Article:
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Your Job Can Increase Your Risk Of Heart Disease

April 18th 2016 by
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Risk Of Heart Disease

Are you working in a field that puts you at increased risk of developing heart disease or stroke? Determine your risk level and what you can do about it.

A study was conducted with 5,566 employed men and women at least 45 years of age, with no history of heart disease or stroke at the beginning of the study. Participants were evaluated on modifiable risk factors that put people at risk for heart disease and stroke including:

  • Blood pressure
  • Total cholesterol
  • Blood glucose
  • Smoking
  • Body mass
  • Exercise
  • Diet

Findings showed that people who work in sales, office support or service occupations exhibited more risk factors than people in management or professional jobs.

Specific occupations were evaluated which showed more in depth findings: 22% of transportation/material moving workers were smokers which was the highest rate among the occupations that were studied. Of sales, office and administrative support employees, 68% had poor eating habits, and 82% of office and administrative support workers had below average scores for exercise.

Of food preparation and serving workers, 79% had poor diet quality, which was the worst of the diets evaluated in the study.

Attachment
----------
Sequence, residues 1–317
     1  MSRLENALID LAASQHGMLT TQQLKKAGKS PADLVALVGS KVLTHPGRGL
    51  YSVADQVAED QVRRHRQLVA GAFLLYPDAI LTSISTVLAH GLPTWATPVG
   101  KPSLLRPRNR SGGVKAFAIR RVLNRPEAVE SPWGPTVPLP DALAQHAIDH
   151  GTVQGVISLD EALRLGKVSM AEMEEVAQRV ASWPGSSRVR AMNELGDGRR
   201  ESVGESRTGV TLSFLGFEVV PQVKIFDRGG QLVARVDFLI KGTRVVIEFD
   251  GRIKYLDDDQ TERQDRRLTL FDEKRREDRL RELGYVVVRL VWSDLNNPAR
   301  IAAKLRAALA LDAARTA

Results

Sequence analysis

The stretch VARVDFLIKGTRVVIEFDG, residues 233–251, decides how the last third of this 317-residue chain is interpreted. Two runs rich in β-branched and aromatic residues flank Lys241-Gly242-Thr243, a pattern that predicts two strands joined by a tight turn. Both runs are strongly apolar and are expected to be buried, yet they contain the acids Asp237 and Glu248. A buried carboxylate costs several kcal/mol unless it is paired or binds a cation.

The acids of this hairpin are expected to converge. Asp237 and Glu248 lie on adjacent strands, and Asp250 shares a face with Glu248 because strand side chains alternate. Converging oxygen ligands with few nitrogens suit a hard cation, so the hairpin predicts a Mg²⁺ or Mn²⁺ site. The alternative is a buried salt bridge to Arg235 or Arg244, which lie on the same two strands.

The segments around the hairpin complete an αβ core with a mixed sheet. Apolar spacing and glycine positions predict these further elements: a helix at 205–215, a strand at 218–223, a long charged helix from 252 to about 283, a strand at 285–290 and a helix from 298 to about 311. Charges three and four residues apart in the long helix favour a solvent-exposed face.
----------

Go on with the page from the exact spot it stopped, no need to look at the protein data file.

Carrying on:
The findings also showed that 90% of protective service workers (police, firefighters, emergency workers) were likely to be obese or overweight, 77% had poor cholesterol levels and 35% had high blood pressure. Management and professionals were shown to have the best cardiovascular health among the groups in the study due to body mass, activity level and smoking. Of this group, 72% of professionals in business and finance had poor eating habits.

Knowing the results of this study can help determine what you need to do in order to have better cardiovascular health based on your occupation. In a job where you sit for long periods of time may indicate that you need to get up and move around a few times a day. If the findings show that your occupation tends to result in poor eating habits, you may want to consider a change in diet or food choices.

Gaining knowledge about your risk factors based on occupation and medical history can help you improve your lifestyle. Analyze your job and your health and be on your way to better cardiovascular health!


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